Rain is murdering my window. The wind keeps sounding like a scream and it echoes in my head even after the trees stop casting spooky shadows on my wall. The water streaks the glass and races toward the bottom of the pane, I pick the underdog and I always lose. It's kind of hard to win against gravity. The lightening illuminates my bed and I can see my frame shaking in the storm. Pretty soon my eye lids are heavy and even sooner the sun is up and I slept through shakes and terror and being afraid my house would float away. Afraid that the waters would rise to my second story and my daddy wouldn't hear me scream and worse he wouldn't come to rescue me if he did. When the sun rises in the morning I can never even tell that my bed was home to nightmares, cold sweats, and violent shakes, because, what other way would I child say, I'm scared? When my eyes open and my window is dry and my walls are still purple, even though the night before, they held no color at all, it's even hard for me to hear the harsh breath that hummed me to sleep only hours ago. I wake up and the succession of nights without screaming keep being exactly the same as the nights that made my throat sore. But storms stay the same even if no one comes to save you.
Rain keeps falling on my floor. It makes pitter patter noises like a small animal jumping up and down on the same area of wood. He's not going anywhere, but he's sure not leaving. He jumps repeatedly and makes a kind of song. I sit up in bed and look next to me at my Fiancé's figure underneath our thin covers. He sleeps through the noise as though a drum solo isn't being played out on our wood floor. I look from the drips of water and back to him and lie back down. Pulling myself into and around his back, burying my face in his shoulder. He groans and lets out a sigh. I shut my eyes and listen to his heart beat hum along with dropping water. Drip. Thud. Drip. Thud. Drip. Thud. Pretty soon my ears are hardly hearing anything at all. I think it's background noise, but who's to say I can hear it at all? My eye lids grow heavy and I can't hear because I'm not awake because I can't hear anything to keep me conscious. Does noise stay the same even if you block it out?
Rain is falling in the park. I can hear it on the roof of the car. I will always hear it on the roof of a car. This sound I could recognize anywhere, or maybe only here. I think I could hear it through anything, like car accidents and police officers, and lying boys, and useless evenings. It hits the roof of the car and the windows and the hood and the sound is hollow, like me. It sounds empty and beautiful, but I am only one of those. Warmth evades the important parts of me and wraps securely around the pieces I can't feel. I know there are other sounds and other adjective and more to recognize but all I can hear is rain. I close my eyes and listen intently and I can't even tell I'm not a part of it. It's hard to notice the difference between me and the rain. It's hard to feel the difference between the warm parts of me, and the parts he never touches. I feel the same underneath every car roof.
Rain keeps watering my grass. Where the sun used to live there are now grey monsters that roar and cry all over the earth. I used to waste so much water and make so many trips and my lawn was the best in the town. But, the rain has stolen my job. It's stolen my routine. I would walk outside and turn the knob and watch the green hose squirm as water raced through its center and fell out of its mouth and made my home vibrant. There were a hundred days that held this schedule, and then one day, there weren't. I looked out my window and watch the hose sit idly and I thought I felt its abandonment. Water fell from the sky in place of a rubber hose and a garden glove. The blades of grass filled and bent and twisted in the rain and seemed to miss me too. Until they were greener, and longer, and thicker, and pretty soon, if the rain ever died off, I'd be bringing out a mower, not a hose. But even sooner, I stopped looking at the grass, or the clouds, or the hose. I'm not even sure I thought to turn it on. Why would I ever do a thing like that? I didn't look out the window. I didn't listen to gravity and nature and precipitation taking its course. I just saw green grass. And grass will stay the same, no matter who waters it.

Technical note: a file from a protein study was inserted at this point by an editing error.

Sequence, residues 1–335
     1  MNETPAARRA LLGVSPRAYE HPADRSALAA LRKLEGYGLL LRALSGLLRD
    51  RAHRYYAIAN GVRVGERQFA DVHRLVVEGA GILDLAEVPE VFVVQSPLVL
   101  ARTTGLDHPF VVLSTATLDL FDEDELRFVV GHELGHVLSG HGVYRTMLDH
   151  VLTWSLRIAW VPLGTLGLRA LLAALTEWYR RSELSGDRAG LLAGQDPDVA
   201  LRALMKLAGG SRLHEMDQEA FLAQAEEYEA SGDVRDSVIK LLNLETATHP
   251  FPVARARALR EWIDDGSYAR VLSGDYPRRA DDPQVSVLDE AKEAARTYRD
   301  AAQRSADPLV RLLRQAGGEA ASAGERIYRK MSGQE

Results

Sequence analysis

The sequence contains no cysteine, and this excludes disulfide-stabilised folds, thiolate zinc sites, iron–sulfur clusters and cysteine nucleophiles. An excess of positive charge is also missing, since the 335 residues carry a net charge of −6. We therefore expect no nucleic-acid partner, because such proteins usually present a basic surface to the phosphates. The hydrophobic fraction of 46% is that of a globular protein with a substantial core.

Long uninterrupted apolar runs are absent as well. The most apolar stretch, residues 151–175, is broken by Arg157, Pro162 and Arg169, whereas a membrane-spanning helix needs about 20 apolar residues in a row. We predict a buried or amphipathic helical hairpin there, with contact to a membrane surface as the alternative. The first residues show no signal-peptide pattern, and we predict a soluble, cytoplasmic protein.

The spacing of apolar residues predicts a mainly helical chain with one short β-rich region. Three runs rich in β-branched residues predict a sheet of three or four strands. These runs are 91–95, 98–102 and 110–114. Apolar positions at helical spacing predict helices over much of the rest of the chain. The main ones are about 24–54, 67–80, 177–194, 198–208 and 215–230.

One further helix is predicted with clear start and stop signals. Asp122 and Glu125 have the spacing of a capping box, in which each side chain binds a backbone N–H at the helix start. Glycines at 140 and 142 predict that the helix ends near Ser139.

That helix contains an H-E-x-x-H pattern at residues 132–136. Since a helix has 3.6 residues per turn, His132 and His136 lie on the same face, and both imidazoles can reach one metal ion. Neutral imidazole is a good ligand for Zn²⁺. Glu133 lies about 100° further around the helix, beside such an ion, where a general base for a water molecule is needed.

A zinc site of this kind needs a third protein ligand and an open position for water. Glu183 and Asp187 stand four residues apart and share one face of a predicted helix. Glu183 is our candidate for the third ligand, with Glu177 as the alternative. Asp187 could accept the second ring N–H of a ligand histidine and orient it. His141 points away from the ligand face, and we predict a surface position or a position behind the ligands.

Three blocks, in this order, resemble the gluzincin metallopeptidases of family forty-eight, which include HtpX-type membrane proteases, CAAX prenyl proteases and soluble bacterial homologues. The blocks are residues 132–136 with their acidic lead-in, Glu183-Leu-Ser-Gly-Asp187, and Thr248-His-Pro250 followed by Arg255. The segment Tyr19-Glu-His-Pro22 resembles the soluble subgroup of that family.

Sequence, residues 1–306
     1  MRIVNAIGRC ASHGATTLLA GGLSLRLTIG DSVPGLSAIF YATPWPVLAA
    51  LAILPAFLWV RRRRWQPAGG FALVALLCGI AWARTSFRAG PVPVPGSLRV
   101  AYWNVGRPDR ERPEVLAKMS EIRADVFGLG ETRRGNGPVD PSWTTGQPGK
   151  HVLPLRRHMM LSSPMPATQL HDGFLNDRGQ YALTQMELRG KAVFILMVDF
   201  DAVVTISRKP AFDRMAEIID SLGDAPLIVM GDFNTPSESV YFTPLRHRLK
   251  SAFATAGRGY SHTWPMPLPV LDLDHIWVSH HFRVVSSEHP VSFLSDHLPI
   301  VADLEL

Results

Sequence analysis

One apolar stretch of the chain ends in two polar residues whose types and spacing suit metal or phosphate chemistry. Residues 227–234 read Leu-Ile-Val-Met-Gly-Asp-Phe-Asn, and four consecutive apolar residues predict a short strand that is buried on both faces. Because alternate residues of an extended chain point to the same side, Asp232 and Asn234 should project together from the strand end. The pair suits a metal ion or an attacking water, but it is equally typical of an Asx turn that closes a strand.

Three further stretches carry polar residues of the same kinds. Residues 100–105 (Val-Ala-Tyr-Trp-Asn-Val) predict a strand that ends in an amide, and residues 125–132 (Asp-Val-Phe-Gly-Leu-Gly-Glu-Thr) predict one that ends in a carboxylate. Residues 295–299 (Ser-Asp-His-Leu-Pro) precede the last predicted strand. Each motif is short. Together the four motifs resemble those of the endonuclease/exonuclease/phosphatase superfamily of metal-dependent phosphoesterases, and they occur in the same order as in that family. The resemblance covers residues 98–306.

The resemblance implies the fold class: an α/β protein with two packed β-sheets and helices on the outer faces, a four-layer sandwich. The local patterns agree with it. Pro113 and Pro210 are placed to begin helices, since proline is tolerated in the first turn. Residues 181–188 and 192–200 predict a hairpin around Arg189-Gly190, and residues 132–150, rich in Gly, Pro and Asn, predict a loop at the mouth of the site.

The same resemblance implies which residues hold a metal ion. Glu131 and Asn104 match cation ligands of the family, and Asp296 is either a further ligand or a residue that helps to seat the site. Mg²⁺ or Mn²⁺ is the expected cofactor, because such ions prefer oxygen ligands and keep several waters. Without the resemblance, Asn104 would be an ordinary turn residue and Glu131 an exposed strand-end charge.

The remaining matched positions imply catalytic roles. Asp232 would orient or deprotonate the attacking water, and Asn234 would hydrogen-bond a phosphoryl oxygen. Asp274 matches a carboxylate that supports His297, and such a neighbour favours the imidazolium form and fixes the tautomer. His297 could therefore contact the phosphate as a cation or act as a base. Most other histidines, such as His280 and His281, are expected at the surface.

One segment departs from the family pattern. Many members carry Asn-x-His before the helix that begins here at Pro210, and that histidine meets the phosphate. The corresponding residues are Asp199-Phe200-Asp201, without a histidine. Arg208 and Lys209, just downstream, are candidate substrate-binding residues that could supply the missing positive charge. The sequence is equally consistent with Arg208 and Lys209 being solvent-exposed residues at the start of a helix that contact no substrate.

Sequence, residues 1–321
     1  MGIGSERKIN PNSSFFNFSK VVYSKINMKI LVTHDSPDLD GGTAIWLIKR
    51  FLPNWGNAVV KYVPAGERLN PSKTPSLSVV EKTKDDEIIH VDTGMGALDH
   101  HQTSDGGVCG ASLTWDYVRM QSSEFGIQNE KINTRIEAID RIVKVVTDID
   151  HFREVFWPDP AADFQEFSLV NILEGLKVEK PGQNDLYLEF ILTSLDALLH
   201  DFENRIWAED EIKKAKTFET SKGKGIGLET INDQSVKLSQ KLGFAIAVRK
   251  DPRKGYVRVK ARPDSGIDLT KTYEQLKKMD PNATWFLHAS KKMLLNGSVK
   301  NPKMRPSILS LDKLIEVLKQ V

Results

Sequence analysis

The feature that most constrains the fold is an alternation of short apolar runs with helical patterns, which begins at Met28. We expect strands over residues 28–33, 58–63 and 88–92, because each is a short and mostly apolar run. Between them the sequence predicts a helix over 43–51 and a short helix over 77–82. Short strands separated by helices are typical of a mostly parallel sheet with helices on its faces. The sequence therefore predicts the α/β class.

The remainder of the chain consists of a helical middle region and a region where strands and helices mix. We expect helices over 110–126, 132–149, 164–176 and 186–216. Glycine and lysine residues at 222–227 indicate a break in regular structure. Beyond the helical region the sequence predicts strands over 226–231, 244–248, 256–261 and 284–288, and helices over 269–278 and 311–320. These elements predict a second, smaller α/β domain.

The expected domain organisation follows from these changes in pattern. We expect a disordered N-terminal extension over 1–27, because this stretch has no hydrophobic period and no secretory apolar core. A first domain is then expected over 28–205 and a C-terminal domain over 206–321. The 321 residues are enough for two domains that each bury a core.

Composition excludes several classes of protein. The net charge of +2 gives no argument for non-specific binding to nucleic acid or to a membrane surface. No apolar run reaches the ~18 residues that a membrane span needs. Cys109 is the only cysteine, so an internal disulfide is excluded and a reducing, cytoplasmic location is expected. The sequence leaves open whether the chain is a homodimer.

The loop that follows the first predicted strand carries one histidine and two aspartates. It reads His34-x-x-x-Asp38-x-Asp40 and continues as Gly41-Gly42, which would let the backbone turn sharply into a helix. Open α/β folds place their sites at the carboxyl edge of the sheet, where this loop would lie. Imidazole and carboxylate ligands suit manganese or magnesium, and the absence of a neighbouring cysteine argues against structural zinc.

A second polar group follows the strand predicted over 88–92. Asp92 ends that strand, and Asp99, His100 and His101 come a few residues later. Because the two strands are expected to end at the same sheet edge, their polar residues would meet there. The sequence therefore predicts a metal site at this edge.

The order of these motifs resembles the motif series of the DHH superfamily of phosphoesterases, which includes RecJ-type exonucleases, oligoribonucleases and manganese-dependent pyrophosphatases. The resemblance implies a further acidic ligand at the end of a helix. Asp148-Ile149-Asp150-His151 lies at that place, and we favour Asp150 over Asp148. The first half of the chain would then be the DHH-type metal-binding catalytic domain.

Rain is falling on my cheeks, and my nose, and my head. It is making me cold and drenched, but I cannot tell. I've been out too long to tell. I have been walking along busy streets, and bumping into busy people far too long to feel them bruise my arms. I keep falling down, but I've been falling far too long to feel the scrapes across my knees. Clumsiness is worn like clothing. I have been making many phone calls and hearing no reply for long enough to forget to whom I was trying to speak. After enough recordings, I think it's normal to speak to a machine, and ask it how its day has been. I've been sitting out and being chased and turning down and feigning pride long enough for me to believe it's truth. I think it isn't fear, I chose to be this way. I've been asking questions without answers forever, and what makes me think I'll start hearing voices that for once, have a clue? I've been seeing shadows and stepping underneath and moving over just enough to get by so much, I don't know that I would take the chance to see the sun again. I have been feeling tragedy for enough calendar marks to believe that everything is so much talk in the end. I have been missing a touch, or a smile, or attention so long that I know how to take any feeling I could see and find its root. And rip it out. Stare it in the face and watch it fear the world and crumble at the thought of being second best and smile at the mere image of a future. I can pull it from its resting place. I can tear it from its origin. And rip it to pieces, and find its heart and smile and say, you can get used to anything.